Evaluation of Safety and Accuracy of Decompression and Transpedicular Fixation of Dorsal Column in Traumatic Fracture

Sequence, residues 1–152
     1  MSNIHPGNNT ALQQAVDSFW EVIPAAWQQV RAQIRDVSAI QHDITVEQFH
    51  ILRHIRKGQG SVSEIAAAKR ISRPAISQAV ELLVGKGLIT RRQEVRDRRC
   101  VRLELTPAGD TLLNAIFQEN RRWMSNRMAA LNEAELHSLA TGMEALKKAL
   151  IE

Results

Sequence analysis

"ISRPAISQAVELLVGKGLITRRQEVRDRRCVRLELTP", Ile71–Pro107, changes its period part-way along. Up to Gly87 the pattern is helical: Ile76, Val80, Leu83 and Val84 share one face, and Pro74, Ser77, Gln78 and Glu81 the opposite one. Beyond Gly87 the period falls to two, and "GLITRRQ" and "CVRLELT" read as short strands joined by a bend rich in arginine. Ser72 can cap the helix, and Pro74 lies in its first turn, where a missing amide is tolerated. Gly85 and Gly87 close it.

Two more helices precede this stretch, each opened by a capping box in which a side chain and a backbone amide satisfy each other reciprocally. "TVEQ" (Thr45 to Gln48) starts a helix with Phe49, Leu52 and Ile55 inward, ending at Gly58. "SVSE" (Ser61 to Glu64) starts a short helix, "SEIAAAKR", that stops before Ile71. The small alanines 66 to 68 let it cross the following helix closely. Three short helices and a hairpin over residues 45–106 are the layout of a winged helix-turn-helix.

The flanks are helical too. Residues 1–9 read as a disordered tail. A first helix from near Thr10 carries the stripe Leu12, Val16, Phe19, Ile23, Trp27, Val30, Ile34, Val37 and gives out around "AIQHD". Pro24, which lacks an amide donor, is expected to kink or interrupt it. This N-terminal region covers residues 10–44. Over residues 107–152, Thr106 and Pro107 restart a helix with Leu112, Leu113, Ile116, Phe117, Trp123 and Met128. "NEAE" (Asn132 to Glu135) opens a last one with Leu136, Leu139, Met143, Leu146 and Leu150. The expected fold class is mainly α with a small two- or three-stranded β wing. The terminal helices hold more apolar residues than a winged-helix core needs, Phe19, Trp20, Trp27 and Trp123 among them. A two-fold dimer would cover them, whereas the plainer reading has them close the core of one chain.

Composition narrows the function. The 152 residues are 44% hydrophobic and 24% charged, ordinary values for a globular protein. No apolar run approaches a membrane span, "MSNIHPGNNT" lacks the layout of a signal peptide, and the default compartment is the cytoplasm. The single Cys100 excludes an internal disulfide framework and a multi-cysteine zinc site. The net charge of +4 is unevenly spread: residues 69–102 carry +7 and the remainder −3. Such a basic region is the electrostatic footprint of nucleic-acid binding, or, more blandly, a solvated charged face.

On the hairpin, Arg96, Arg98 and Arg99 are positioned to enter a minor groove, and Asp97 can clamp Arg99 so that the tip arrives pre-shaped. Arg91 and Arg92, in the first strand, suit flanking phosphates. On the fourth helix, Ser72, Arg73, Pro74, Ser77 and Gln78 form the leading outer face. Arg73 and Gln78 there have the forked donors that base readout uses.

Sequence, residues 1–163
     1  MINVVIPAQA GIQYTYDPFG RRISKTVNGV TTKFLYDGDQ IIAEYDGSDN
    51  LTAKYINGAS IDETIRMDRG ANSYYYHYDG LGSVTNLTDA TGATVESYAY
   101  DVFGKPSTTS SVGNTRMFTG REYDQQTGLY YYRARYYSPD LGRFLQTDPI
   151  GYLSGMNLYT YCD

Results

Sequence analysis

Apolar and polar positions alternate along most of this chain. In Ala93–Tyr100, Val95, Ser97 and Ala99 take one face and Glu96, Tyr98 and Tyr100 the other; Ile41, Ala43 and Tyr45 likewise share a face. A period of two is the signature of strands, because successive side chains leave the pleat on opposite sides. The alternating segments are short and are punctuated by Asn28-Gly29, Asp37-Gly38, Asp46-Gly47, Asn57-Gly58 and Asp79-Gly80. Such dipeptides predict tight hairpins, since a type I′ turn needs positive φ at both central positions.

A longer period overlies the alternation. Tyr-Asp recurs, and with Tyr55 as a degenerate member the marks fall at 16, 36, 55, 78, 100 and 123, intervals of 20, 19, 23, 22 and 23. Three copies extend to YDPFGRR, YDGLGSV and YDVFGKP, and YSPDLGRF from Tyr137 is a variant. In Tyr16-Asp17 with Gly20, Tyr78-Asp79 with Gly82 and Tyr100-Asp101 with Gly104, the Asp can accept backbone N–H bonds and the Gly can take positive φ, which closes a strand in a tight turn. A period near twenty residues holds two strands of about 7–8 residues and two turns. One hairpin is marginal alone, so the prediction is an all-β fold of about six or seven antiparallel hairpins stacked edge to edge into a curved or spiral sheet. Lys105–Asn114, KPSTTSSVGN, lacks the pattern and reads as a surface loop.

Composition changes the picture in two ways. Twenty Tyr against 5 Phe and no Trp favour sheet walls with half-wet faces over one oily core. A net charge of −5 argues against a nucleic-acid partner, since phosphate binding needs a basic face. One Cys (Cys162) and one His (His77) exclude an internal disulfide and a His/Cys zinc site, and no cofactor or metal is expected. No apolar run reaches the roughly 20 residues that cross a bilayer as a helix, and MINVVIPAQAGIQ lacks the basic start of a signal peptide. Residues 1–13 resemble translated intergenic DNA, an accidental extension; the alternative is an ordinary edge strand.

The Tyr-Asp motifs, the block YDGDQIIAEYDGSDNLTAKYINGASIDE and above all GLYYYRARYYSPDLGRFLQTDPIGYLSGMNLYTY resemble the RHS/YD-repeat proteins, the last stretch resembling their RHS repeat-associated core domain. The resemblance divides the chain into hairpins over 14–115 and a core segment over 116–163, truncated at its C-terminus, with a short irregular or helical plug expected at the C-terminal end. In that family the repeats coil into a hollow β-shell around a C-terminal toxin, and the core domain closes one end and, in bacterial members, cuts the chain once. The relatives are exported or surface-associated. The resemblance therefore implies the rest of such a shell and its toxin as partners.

Object: Transpedicular instrumentation systems afford notable benefits, such as inflexible segmental stabilization, achieving stability of the three sophisticated elements comprising the structure of the spinal column, and it is crucial to emphasize the prospective assessment of the precision and safety of pedicle screw positioning analysis for unstable fractures management in the dorsal spine. Methods and patients: This prospective investigation was carried out over a duration of two years at Erbil Teaching Hospital, spanning from January 2015 to March 2021. A total of 46 patients, comprising of individuals of both sexes (38 males and eight females), Individuals spanning the ages of 16 to 70 were enlisted in the research, with an average age of 43 years among the participants. Stabilization of the fractures surgically on the posterior side was performed by using pedicular screws prior to being discharged. Each patient received postoperative thoracic CT imaging with 3mm axial sections and sagittal reconstructions for the assessment of pedicular screw placement. Results: Records documenting after-operation follow-ups within five months were reviewed. Out of the 402 pedicle screws inserted in the thoracic region, 266 (66.19%) were the entirety of them resided enclosed in the wall of the pedicle, whilst the residual 136 (33.8%) exhibited a deviation from the pedicle wall. Out of the total 136 cases of deviation, 72 (52.9%) were found to be lateral perforations, while 54 (39.7%) were identified as medial perforations, and 10 (7.35%) were categorized as anterior perforations. The prior-to-operation average of the vertebral body kyphosis was 29.50 with a standard deviation of ±5.10. The last follow-up measurement showed a reduction to 13.30 with a deviation from the norm of ±2.60. The average vertebral compression height prior to surgery was 0.2.1 with a deviation from the norm of ±0.03, whereas at the last follow-up, it was 0.16 with a standard deviation of ±0.02Prior to surgery. No detrimental neurological, vascular, or visceral impairments were identified during or after the procedure. Conclusion: Surgical intervention involving decompression and posterior instrumentation through the implementation of pedicle screws and rods has culminated in efficacious canal decompression and superior anatomic reinstatement; this study demonstrates that it is feasible to achieve a reasonably corrected kyphotic deformity in unstable fractures of the dorsal spine with a high degree of accuracy that is considered acceptable. However, it is important to note that even experienced surgeons may encounter the occurrence of an unacceptable screw placement